10 Reasons Why You Will Need an Integrated ERP

Publishing companies start small and before they know it, they become mid-sized. When that happens, the number of business transactions grows like topsy. Soon, they automate the critical workflows with simple tools like MS Excel and Filemaker, along with Workflow Management Systems (WfMSs) but as business builds, those simple processes are not so simple anymore. When you are small, you can get away with “small” processes, often with little data security or cross-app validation. They work because they are simple, and the problems can be fixed by walking over to a colleague’s desk and talking the problem through.  

You cannot do that anymore when you are a mid-sized publisher, and the simple problems are not so simple with increasingly complex integration, validation, and control issues.  

Application integration is a significant part of the challenge in creating a smooth multichannel customer experience, for instance, or streamlining subscription inquiry-to-cash workflows, and generally in creating a seamless experience for customers, partners, and employees alike. And as companies add more applications into their operations, they typically spend a significant percentage of their IT resources just managing those interfaces.  

Our mid-sized publisher has become heavily invested in disparate basic software tools like Excel and Filemaker in critical workflows. All of this is a familiar story with severe long-term limitations. 

At this point, many such publishers are tempted to augment these tools with workflow management software (WfMS) that helps string the various workflows together so there is less manual intervention, and hopefully a reduction in errors. WfMSs are fine when the processes in question are loosely defined and vary greatly from one enterprise to another. And initially, at least, they are less expensive than turning to an integrated ERP system. The question is, do these workflows vary significantly from one publisher to another? The answer to that question, is generally “no, they don’t.” 

So Excel and Filemaker, in particular, tend to persist at the core of a mid-sized publishing operation because that is how they started. And it gets harder and harder to make the call to invest in an integrated enterprise ERP system that is built for the publishing industry. They are stuck. We see this all the time. Sooner rather than later, they realize they have waited too long, and must implement an ERP system to regain control. 


Top 10 Reasons for a Publishing-Specific ERP System

  1. Best-practice publishing workflows are well defined and understood. Software vendors have built best practices into their workflows for the last 25 years. They keep them updated and the software can be configured in the set-up to meet variations in requirements.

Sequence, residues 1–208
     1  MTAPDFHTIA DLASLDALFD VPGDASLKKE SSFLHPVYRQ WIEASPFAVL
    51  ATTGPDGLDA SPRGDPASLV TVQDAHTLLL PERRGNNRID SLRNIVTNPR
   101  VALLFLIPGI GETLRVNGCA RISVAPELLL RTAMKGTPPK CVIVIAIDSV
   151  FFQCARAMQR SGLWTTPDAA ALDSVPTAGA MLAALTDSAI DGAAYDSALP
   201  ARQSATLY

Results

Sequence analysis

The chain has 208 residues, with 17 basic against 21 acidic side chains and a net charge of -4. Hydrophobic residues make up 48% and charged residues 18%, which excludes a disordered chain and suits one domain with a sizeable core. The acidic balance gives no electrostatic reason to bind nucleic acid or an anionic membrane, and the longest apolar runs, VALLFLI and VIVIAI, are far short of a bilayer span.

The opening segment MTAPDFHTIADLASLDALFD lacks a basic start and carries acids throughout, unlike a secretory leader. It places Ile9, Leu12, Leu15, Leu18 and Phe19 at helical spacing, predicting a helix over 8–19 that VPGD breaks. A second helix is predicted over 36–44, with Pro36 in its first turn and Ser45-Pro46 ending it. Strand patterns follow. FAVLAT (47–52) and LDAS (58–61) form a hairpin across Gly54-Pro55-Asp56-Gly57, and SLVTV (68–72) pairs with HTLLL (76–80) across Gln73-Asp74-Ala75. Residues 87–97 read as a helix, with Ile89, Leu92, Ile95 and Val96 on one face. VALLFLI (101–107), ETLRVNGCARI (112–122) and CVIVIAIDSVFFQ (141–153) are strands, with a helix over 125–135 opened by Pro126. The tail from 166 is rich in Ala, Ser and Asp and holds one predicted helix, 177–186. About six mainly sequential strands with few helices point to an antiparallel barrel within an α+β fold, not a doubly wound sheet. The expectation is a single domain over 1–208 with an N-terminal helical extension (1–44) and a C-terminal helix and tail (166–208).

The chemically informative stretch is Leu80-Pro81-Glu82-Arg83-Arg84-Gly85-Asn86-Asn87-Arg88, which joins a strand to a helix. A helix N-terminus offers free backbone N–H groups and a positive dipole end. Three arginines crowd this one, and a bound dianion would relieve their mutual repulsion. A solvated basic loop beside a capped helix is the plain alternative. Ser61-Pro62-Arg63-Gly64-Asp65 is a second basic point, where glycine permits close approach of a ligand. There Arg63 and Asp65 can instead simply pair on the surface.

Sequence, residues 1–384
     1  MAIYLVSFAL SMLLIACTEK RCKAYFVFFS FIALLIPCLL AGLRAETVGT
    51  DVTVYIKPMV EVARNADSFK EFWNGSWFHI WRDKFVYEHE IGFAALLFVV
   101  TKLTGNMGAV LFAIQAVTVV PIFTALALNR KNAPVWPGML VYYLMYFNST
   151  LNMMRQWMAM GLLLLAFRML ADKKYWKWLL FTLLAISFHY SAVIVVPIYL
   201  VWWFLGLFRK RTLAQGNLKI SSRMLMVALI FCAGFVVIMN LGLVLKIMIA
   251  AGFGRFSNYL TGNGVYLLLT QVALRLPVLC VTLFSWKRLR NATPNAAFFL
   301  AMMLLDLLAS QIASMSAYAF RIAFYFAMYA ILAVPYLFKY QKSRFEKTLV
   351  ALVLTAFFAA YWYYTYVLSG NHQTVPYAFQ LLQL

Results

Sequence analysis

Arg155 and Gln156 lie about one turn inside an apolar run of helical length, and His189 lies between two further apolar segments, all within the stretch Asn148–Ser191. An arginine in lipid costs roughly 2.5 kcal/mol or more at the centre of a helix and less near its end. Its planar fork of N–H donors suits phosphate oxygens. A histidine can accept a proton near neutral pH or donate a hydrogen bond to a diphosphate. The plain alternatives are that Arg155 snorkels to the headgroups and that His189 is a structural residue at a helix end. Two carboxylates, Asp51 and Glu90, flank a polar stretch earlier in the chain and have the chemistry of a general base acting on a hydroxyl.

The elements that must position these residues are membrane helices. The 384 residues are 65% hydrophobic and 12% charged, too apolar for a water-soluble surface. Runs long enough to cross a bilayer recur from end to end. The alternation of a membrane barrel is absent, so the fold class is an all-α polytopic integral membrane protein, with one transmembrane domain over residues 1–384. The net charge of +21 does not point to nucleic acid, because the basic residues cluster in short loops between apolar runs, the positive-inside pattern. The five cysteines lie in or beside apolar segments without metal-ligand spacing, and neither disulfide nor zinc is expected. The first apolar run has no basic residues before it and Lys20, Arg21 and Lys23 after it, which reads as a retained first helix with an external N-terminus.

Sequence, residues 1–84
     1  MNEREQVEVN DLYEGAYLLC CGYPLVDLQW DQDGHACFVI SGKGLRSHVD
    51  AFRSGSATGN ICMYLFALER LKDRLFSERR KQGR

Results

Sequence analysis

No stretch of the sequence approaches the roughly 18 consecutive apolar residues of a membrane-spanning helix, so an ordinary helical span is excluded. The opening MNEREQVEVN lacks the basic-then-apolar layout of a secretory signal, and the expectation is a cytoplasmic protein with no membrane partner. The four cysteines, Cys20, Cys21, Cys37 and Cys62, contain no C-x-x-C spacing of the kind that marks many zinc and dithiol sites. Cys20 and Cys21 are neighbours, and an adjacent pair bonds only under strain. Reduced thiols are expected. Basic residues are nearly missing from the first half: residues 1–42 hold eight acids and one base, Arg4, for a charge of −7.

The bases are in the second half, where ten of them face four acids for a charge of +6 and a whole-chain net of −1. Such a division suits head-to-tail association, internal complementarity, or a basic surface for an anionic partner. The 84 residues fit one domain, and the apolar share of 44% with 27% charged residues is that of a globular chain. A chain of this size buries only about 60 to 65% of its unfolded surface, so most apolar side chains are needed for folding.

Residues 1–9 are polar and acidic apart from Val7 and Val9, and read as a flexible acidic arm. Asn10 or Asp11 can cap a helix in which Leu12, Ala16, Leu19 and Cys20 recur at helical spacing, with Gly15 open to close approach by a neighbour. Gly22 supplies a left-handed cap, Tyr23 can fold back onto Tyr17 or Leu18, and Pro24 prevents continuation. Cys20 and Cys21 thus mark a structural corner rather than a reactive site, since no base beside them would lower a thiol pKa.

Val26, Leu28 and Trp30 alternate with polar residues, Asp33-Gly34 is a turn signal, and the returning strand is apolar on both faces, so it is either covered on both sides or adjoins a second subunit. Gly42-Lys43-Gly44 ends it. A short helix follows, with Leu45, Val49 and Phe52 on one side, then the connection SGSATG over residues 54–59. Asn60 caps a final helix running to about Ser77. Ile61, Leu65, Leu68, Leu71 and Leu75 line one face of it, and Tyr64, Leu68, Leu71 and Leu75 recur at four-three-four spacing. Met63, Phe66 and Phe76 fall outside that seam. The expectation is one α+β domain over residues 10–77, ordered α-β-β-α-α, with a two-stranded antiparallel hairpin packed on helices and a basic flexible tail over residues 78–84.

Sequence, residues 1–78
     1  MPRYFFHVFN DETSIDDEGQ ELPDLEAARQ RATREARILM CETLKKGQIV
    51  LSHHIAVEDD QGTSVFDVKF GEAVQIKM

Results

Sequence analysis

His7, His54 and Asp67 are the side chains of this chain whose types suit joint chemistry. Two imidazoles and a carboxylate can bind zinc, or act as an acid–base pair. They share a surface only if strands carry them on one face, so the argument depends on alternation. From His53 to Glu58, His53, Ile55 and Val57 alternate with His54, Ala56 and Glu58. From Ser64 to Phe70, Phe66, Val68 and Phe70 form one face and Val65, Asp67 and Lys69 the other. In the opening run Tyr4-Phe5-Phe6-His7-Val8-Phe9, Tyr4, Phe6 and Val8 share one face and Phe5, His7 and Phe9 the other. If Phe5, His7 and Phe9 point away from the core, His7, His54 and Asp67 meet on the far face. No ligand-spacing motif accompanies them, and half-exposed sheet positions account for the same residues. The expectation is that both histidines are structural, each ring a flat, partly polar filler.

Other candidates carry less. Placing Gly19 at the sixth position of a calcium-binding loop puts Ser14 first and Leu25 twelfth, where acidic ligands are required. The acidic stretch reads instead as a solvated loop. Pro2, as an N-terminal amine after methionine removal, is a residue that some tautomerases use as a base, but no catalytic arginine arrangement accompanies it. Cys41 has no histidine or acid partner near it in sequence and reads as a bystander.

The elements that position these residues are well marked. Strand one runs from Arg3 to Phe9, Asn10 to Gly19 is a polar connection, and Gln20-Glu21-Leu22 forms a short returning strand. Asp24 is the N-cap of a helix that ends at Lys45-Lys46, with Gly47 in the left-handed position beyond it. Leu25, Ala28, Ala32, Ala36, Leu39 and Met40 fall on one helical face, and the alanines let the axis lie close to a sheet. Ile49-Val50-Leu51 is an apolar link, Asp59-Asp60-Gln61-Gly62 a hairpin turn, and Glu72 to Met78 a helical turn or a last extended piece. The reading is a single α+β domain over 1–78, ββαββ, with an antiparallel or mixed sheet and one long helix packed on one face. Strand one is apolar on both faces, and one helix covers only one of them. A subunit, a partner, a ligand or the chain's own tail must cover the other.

2. Manual Integration of separate workflows is expensive. Why reinvent the wheel? It is done automatically with an integrated ERP, especially one that is publishing-specific and runs in the public cloud. There are no data “silos” and elimination of data silos is fundamental to the future use of external repositories for high-level decision-making.
  3. There’s safety in numbers. knkMedia is built on the Microsoft Dynamics ERP system, of which there are over 150,000 user implementations globally. Microsoft and knk have the resources to continually develop new technology and software that the publishing industry demands. Mobile access, digital processing POD, etc. are all part of an integrated ERP system. With the MS Azure public cloud version of knkMedia, for example, software updates are delivered twice-yearly automatically.
  4. Scalability is a given, especially with cloud solutions. Support, maintenance, training, security, and workflow development are all superior options for a growing company.

  1. The future is the cloud. knkMedia runs on the Azure public cloud, a totally scalable option. It cannot be done with custom solutions of smaller unintegrated software tools.
  2. Artificial Intelligence systems such as MS Copilot are built-in. Microsoft is building AI routines in Copilot that can hyperautomate processes across all systems, bots, and tools.
  3. Application spread and sprawl. There is little control within and between processes with WfMSs, in comparison to an integrated ERP system. In-house integration of disparate “home-grown” systems may be inexpensive and easy to start with, but difficult and costly to continue, leading to unmanageable application spread and sprawl.
  4. Better integration with business partners, customers, and vendors. Using a large integrated platform such as the Microsoft stack, there is better integration to external systems and Big Data applications that are increasingly important for intuitive decision making with a view of the “big picture.”
  5. One centrally controlled database – one version of the truth for all. Better collaboration. Data integrity is superior to multiple uncoordinated systems.
  6. One Standard Presentation and User Interface. Less expensive employee training with a UI that is familiar to all.


The key piece of a long-term systems strategy is to build a system portfolio based on an integrated, publishing-specific ERP system, from the earliest possible moment. Only then, with that in place, (preferably with a public cloud implementation, so that costs and capabilities can be easily scaled), can a WfMS be added to provide good integration for additional workflows to external systems and databases. 



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